Next time you get a sexually transmitted infection (STI), it may be worth your while to go to your local clinic rather than slinking off to see a private doctor.
Researchers have found that the much-maligned government clinics are better at treating STIs than the average general practitioner (GP).
“GPs see over 50% of STI cases as people prefer the privacy and the anonymity,” says Professor Helen Schneider of Wits University’s Centre for Health Policy. “But the technical quality of care is relatively poor compared to public health, which has been practicing syndromic management for a number of years and has quite good STI management.”
The problem, Schneider told the annual Reproductive Health Priorities conference, is that doctors tend to offer a package for R120 which covers a consultation and drugs. In order to profit, many doctors tend to cut back on the drugs, perhaps offering just one antibiotic. But in public health people would get two or three different drugs to wipe out a number of different syndromes or categories of infections.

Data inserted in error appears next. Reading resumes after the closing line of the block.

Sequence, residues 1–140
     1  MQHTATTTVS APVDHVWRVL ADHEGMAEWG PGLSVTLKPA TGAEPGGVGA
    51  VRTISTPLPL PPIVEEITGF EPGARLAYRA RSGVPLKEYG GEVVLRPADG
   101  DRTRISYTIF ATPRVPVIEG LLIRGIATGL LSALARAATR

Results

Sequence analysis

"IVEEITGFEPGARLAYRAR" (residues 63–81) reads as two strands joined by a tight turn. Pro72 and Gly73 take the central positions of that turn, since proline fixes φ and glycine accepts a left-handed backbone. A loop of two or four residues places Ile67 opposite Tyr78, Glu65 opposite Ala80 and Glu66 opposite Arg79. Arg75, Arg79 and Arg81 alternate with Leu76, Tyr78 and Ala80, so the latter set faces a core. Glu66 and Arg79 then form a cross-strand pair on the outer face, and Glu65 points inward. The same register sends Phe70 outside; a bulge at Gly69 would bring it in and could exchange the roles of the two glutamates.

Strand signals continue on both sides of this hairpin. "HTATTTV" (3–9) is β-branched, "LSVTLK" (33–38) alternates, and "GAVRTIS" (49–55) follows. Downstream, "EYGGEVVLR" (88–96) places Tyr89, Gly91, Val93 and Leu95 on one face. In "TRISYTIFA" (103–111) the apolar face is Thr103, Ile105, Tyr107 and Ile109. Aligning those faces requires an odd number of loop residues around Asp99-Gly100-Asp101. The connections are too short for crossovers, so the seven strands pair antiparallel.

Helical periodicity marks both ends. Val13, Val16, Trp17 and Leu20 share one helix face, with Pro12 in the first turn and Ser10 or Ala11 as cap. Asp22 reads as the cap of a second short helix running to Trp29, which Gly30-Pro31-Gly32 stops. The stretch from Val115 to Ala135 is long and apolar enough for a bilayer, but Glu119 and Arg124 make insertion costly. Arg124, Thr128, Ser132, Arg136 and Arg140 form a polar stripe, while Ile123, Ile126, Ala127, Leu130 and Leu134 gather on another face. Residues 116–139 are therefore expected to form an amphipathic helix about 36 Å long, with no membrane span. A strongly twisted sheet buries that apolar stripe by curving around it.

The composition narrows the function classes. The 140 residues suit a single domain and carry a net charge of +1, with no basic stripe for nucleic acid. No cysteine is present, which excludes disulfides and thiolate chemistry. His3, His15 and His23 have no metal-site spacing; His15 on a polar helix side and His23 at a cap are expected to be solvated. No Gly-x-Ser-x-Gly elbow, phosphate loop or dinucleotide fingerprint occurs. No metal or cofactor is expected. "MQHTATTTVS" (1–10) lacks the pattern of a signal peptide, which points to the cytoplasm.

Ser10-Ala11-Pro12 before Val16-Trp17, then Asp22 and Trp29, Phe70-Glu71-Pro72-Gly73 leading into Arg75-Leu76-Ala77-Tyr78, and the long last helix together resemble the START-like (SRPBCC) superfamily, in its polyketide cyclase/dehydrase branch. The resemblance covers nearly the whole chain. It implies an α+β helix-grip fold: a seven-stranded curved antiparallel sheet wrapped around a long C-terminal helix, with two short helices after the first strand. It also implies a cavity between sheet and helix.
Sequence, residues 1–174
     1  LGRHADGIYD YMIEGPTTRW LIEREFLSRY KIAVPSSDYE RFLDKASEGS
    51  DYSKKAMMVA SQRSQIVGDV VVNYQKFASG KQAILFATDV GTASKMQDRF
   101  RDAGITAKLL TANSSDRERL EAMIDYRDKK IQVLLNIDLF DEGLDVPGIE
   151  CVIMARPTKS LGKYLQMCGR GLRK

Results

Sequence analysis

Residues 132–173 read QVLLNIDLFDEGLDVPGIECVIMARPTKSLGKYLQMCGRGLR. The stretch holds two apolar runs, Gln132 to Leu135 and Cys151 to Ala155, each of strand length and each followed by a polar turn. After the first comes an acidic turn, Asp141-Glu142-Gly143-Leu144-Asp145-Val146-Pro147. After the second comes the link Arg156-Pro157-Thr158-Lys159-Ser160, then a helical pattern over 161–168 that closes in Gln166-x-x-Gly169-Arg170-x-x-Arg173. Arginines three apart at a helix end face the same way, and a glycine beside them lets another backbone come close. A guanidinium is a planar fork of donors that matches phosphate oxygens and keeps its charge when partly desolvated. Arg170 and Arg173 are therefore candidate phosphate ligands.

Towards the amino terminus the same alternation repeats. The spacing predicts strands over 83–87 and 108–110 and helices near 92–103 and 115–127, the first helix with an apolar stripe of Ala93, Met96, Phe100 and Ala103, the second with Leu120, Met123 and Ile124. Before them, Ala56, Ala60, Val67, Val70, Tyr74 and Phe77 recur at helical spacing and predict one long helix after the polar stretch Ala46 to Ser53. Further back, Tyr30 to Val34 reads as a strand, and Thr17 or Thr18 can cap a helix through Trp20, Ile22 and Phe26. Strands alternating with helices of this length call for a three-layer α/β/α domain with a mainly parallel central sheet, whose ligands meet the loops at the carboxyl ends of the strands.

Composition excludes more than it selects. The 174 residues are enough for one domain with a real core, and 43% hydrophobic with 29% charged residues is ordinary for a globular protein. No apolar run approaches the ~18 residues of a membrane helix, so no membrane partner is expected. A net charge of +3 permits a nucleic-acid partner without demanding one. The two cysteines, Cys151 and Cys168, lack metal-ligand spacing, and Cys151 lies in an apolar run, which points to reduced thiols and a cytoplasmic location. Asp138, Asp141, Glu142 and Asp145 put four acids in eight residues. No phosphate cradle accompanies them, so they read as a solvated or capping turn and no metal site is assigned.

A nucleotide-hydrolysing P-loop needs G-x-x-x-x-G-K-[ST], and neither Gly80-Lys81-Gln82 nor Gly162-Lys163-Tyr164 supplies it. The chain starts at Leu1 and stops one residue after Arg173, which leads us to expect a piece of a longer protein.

Research in Carletonville found that only 23% of STIs treated in the private sector were treated effectively in comparison to 38% in the public health sector, while a national health department survey found that 64% of rural GPs provided inappropriate STI treatment.
In recognition of this problem, both Gauteng and the Western Cape have been trying to work with private doctors to improve STI treatment.
Dr Bhavna Patel of the department of health in the Western Cape told the conference that her department had been training two private doctors per health district in areas where STI statistics were high and providing them with free drugs.
“We have now decided to roll out this programme to 50 doctors, and have provincial cabinet approval for this,” said Patel. She said government was aware that the system could be abused, so had introduced strict controls including performance-based contracts for the doctors involved.
Schneider said that although her work with Ekhuruleni (East Rand) doctors had been time-consuming and often difficult, “we have no option but to engage them, and need to try a range of things to see what works”.
The national Department of Health’s Dr Eva Gosa said a national study of public health clinics’ STI management was underway in a bid to improve the service, particularly as clinics tended to run out of drugs.
STIs are a serious problem in South Africa, and a person with an STI ‘ particularly one which causes skin lesions ‘ is more at risk of getting infected with HIV as it is easier for the virus to pass into the body.
A University of Cape Town study, also reported on at the conference, found that half of the 400 women screened in a study in Gugulethu and 43% of 400 women in Ga-Rankuwa had bacterial vaginosis.